Like it or not, the Secret Service is in place to protect Presidents, candidates, sitting, and former. Guidelines are put in place, specifically for safety in mind. So it comes as no surprise that anything that could be used as a weapon has been banned from the January 20th inagural pathway.
Well, a conservative group is threatening to sue the Secret Service, because they feel they are being singled out for being religious, because they are not going to be able to carry crosses on the parade route. They can’t understand anything beyond the King James version, and they do a bad job at that. They don’t get it that crosses aren’t banned — just ones that are of the size that can be used as a weapon.
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Inaugural cross ban lawsuit threatened
WASHINGTON (AP) — A conservative group is threatening to sue the Secret Service for religious discrimination over security guidelines that would ban Christian crosses from President Bush’s inaugural parade route.
The Secret Service said Monday the guidelines were meant to prohibit large structures that could be used as weapons. Crosses were the only religious symbols on the list of banned items.
In a December 17 directive to the National Park Service, the Secret Service mandated that signs and placards along the inaugural parade route down Pennsylvania Avenue be made out of cardboard, poster board or cloth. They may be no more than three feet wide or 20 feet long.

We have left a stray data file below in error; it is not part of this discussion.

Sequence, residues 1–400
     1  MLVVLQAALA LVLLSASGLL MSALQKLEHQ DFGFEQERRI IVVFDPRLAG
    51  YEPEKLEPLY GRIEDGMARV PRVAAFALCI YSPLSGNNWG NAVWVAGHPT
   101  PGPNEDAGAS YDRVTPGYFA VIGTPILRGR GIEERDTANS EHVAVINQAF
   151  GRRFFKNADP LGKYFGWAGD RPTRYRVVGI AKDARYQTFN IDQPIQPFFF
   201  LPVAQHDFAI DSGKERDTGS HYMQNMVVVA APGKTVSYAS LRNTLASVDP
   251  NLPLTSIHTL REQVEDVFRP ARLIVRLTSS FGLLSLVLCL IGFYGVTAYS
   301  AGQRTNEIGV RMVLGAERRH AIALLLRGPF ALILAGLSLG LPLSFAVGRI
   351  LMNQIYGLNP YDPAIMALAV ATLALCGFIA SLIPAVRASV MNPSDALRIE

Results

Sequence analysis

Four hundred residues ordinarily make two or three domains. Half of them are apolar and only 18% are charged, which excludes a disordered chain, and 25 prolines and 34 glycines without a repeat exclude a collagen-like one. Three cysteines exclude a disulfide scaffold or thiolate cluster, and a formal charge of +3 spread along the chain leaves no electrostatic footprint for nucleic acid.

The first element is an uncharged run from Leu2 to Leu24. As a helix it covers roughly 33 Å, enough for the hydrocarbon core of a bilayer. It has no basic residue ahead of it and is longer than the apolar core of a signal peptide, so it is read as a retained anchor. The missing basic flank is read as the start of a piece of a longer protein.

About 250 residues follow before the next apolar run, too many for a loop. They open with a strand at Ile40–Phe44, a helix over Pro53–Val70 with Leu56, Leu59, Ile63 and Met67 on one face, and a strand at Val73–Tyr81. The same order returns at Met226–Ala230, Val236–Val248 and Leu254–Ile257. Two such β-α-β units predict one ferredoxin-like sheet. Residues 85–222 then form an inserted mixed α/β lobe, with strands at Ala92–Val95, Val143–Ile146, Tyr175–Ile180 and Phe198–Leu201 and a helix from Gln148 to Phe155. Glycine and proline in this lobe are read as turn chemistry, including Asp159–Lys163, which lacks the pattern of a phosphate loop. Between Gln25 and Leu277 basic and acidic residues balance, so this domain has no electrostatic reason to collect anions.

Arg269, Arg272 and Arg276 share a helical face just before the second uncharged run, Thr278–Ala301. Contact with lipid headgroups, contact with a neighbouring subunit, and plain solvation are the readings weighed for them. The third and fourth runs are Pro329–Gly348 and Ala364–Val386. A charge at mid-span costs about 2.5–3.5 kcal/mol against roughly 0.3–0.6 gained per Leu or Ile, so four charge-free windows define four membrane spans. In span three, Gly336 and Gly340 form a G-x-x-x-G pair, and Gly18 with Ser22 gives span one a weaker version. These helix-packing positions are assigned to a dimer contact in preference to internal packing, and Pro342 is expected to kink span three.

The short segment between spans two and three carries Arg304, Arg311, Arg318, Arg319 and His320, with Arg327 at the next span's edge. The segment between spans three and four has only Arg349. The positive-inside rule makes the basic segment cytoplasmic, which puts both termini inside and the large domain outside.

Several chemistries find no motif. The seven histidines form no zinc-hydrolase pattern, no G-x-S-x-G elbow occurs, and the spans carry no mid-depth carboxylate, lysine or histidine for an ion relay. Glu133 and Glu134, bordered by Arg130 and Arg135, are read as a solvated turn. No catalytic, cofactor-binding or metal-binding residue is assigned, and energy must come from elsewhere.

The directive also prohibited folding chairs, bicycles and other structures, and displays “such as puppets, papier mache objects, coffins, crates, crosses, theaters, cages and statues.”
“The way it’s written, it’s an unequivocal ban on crosses,” said the Rev. Patrick J. Mahoney of the Christian Defense Coalition. The group is seeking to have the prohibition overturned in federal court if the Secret Service fails to retract it.
“They are not banning large displays of the Star of David or Islamic symbols,” Mahoney said. “The only resolution is that they would have to pull ‘crosses’ out. And they could easily protect religious freedom by saying, ‘We ban all structures made of wood.”‘
The Secret Service was working on a clarification Monday to resolve the flap. Spokesman Tom Mazur said the ban on crosses “is strictly in regards to structures — certainly not the symbol.”
“There is no prohibition on crosses, symbols or messages based on content — only structures made of materials or of a size that could be used in a potentially threatening or harmful manner,” Mazur said.